glutathione‐S‐transferase (GST), and glutathione reductase (GR)
2.8 | Proinflammatory cytokines

Proinflammatory cytokines including interleukin‐1β (IL‐1β), tumor necrosis factor‐α (TNF‐α), and IL‐6 were estimated using the ELISA kits procured from NeoBioscience Biological Technology Co., Ltd.

2.9 | Real‐time polymerase chain reaction

A commercially available kit was used for isolation of cDNA (Prime
Script RT) and real‐time polymerase chain reaction (PCR) was per- formed using reverse transcription‐PCR. GAPDH was used as a housekeeping gene. The primer sequences are presented in Table S1.

2.10 | Statistical analysis

One‐way analysis of variance was followed by an LSD test to com- pare various groups with each other. Results were presented as mean ± standard deviation and p < 0.05, p < 0.01, and p < 0.001 were
considered as significant, more significant, and extremely significant, respectively.

3.1 | Effect of hesperidin on body and tissue weight

Normal rats showed increased body weight during all experimental study periods. OVX‐induced group rats showed increased body weight compared to control group rats . OVX rats trea- ted with hesperidin demonstrated increased body weight compared
to the initial body weight. OVX rats treated with hesperidin (20 mg/kg) showed increased body weight almost similar to the normal control. OVX rats treated with the showed a similar pattern as presented in normal rats.  S1b demonstrates the weight variance of the different groups of rats.
S2 shows the uterus index of different groups of rats. Normal rats showed increased uterus index compared to the other group of rats. OVX‐induced rats illustrated the reduction of the uterus index compared to other group rats. Dose‐dependent treat- ment of hesperidin significantly (p < 0.001) increased the uterus in-

dex. AN showed improvement in the uterus index compared to OVX‐ induced rats.

3.2 | Effect of hesperidin on biomechanical parameters

During osteoporosis, bone biomechanical parameters such as the maximum load, energy, stiffness, maximum stress, and young mod- ulus were reduced due to bone deformity. A similar result was ob-
served in the OVX‐induced group rats. OVX‐induced rats treated
with hesperidin significantly (p < 0.001) increased the level of max- imum load, energy, stiffness, maximum stress, and young modulus in a dose‐dependent manner.

3.3 | Effect of hesperidin on biochemical parameters

 2 shows the effect of hesperidin on the biochemical

parameters of OVX‐induced rats. increased levels of the bio- chemical parameters such as OC, ALP, ACP, and β‐isomerized C‐terminal telopeptides (β‐CTx) were observed in the OVX‐ induced rats at 35 days. Hesperidin significantly (p < 0.001) re-
duced the level of OC, ALP, ACP, and β‐CTx in a dose‐dependent manner.
S3 shows the effect of hesperidin on the biochemical parameters of OVX‐induced rats after the 71‐day treatment. OVX‐
induced group rats showed increased levels of OC, ALP, ACP, β‐CTx,
and hesperidin significantly (p < 0.001) reduced the level in a dose‐ dependent manner.

3.4 | Effect on BMD

S4 shows the pixel intensity and BMD on the different ex- perimental groups of rats. OVX‐induced rats showed increased pixel intensity and reduced BMD compared to normal and treatment group rats. Hesperidin‐treated group rats showed the down- regulated pixel intensity  and upregulation in the level of

3.5 | Effect of hesperidin on Ca, P, and 25‐OH Vit D

During the bone deformity, Ca, P level boosted and 25‐OH Vit D level reduction was observed. OVX‐induced rats showed increased levels of Ca , P , and reduced levels of 25‐OH Vit D  compared to normal rats. Hesperidin significantly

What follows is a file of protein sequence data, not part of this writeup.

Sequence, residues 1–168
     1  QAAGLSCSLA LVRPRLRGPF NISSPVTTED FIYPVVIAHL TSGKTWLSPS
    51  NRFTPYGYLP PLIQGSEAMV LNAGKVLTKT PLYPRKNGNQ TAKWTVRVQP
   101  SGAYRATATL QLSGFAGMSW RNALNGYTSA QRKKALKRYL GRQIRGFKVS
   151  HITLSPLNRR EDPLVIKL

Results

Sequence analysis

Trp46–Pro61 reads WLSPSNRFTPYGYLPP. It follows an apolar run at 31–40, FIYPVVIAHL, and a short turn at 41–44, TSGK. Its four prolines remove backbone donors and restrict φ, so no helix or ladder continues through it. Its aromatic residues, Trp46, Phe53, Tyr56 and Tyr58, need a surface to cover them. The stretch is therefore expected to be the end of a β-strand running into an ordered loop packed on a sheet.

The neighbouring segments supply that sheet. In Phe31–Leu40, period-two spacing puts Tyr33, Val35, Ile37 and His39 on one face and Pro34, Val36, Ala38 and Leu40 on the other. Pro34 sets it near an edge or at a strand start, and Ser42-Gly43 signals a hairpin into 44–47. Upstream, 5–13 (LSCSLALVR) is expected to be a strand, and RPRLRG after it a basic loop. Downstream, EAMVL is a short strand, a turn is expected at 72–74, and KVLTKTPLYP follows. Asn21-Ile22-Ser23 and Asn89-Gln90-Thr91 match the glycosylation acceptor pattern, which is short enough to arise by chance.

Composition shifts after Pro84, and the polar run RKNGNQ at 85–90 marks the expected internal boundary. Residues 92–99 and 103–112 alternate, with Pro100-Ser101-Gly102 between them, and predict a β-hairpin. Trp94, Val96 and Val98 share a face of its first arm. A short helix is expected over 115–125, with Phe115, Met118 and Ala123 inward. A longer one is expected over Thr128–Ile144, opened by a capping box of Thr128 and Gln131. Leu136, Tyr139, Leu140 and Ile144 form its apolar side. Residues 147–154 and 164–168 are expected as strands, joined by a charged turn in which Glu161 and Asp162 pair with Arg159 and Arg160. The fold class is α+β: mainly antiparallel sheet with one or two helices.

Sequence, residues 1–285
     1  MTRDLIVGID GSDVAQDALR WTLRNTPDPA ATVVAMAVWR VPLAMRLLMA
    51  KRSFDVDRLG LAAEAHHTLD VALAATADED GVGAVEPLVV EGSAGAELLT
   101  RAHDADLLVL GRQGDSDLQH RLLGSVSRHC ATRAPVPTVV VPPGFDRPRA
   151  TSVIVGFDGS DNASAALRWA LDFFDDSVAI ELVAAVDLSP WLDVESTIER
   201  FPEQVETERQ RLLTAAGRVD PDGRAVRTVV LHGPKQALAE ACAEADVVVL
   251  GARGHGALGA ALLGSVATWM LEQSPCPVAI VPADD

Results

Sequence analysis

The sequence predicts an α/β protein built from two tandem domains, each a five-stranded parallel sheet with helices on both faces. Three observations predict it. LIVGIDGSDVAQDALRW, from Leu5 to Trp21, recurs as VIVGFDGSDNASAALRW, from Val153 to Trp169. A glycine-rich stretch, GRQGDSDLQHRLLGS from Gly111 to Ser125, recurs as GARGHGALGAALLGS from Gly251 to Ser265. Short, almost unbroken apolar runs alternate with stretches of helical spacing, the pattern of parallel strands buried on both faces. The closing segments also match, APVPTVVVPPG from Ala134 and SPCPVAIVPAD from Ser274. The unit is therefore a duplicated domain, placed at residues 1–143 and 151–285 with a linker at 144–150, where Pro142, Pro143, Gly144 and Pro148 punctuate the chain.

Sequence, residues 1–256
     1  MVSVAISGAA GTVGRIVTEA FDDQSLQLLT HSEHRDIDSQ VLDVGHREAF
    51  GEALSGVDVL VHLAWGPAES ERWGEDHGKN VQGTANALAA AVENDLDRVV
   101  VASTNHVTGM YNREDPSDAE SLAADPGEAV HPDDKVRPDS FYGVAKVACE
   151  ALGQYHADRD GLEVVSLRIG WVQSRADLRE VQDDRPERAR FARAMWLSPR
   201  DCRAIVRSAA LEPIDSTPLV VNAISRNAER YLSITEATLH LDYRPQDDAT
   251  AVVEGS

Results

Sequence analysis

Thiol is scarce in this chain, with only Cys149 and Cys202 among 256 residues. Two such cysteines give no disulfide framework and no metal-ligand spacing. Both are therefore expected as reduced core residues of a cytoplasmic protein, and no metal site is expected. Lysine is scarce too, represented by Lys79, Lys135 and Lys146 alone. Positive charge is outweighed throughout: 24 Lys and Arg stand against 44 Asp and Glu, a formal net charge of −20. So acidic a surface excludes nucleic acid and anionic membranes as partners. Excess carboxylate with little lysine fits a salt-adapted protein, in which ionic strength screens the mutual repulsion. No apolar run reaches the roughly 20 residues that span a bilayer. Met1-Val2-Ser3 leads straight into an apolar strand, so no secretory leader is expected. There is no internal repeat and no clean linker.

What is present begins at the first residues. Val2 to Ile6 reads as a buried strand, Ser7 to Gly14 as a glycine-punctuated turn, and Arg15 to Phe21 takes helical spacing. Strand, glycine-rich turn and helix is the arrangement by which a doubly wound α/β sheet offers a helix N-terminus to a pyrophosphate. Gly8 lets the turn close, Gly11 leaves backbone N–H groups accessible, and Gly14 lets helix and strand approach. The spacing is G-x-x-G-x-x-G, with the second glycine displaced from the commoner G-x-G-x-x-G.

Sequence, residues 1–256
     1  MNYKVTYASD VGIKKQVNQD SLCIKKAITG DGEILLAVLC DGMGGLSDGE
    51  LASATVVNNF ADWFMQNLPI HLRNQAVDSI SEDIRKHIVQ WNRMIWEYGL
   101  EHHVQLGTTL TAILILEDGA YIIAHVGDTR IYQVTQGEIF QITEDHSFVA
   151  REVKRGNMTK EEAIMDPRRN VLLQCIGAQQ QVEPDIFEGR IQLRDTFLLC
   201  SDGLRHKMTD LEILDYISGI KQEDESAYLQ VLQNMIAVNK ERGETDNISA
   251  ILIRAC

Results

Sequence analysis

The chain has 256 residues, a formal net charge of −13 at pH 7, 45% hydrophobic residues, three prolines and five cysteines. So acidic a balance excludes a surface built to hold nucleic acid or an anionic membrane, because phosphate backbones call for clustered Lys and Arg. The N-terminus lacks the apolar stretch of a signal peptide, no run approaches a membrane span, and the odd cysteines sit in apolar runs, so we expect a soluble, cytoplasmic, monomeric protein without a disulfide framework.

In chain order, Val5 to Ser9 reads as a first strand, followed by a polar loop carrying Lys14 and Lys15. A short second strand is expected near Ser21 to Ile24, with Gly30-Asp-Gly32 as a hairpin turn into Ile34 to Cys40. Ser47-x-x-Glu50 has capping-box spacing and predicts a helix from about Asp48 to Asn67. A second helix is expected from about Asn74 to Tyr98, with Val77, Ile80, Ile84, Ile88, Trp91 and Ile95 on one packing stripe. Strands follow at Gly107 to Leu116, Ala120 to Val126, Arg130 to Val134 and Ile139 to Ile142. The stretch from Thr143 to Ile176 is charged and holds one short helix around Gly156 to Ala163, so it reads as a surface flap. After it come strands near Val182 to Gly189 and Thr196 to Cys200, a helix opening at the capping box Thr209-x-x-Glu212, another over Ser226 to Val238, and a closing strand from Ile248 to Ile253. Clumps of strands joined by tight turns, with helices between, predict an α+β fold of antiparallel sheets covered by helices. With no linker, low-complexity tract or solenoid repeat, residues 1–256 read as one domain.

(p < 0.001) decreased the level of Ca, P, and increased the level of 25‐OH Vit D compared with OVX group rats after 35 days of treatment. The AN group of rats showed similar effects.
S5a–c showed a similar effect of hesperidin against the OVX‐induced group of rats.

3.6 | Effect of hesperidin on the antioxidant marker and oxidative stress parameters

Antioxidant parameters such as TBARS boosted and GSH, GST, GR, GPx, CAT reduced during the bone deformity. OVX‐induced group rats showed an increased level of TBARS and reduced levels of GSH,
GST, GR, GPx, CAT compared with normal group rats. Hesperidin significantly (p < 0.001) reduced the level of TBARS and increased
levels of GSH, GST, GR, GPx, CAT in a dose‐dependent manner.

 1 Exhibited the effect of hesperidin on the biomechanical parameters of ovariectomy (OVX)‐induced osteoporosis in rats. (A) maximum load, (B) energy, (C) stiffness, (D) maximum stress, and (E) Young’s modules. Values are showed as mean ± standard error of the mean (analysis of variance). *p < 0.05, **p < 0.01, and ***p < 0.001 versus OVX

 2 Exhibited the effect of hesperidin on the biochemical parameters of ovariectomy (OVX) induced osteoporosis in rats after 35 days. (A) Osteocalcin (OC), (B) alkaline phosphatase (ALP), (C) acid phosphatase (ACP), and (D) β‐isomerized C‐terminal telopeptides (β‐CTx). Values are showed as mean ± standard error of the mean (analysis of variance). *p < 0.05, **p < 0.01, and ***p < 0.001 versus OVX

 3 The effect of hesperidin on the Ca, P, and 25‐OH Vit D parameters of ovariectomy (OVX)‐induced osteoporosis in rats after 35 days. (A) Ca, (B) P, and (C) 25‐OH Vit D. Values are shown as mean ± standard error of the mean (analysis of variance). *p < 0.05, **p < 0.01, and

***p < 0.001 versus OVX

3.7 | Effect of hesperidin on proinflammatory cytokines

Inflammatory reaction plays an important role in the expansion of bone deformity. OVX‐induced group rats showed increased

levels of proinflammatory cytokines such as IL‐6, IL‐1β, and TNF‐ α compared to control group rats. Hesperidin‐treated group rats showed significantly (p < 0.001) reduced the level of proin-
flammatory cytokines such as IL‐6, IL‐1β, and TNF‐α .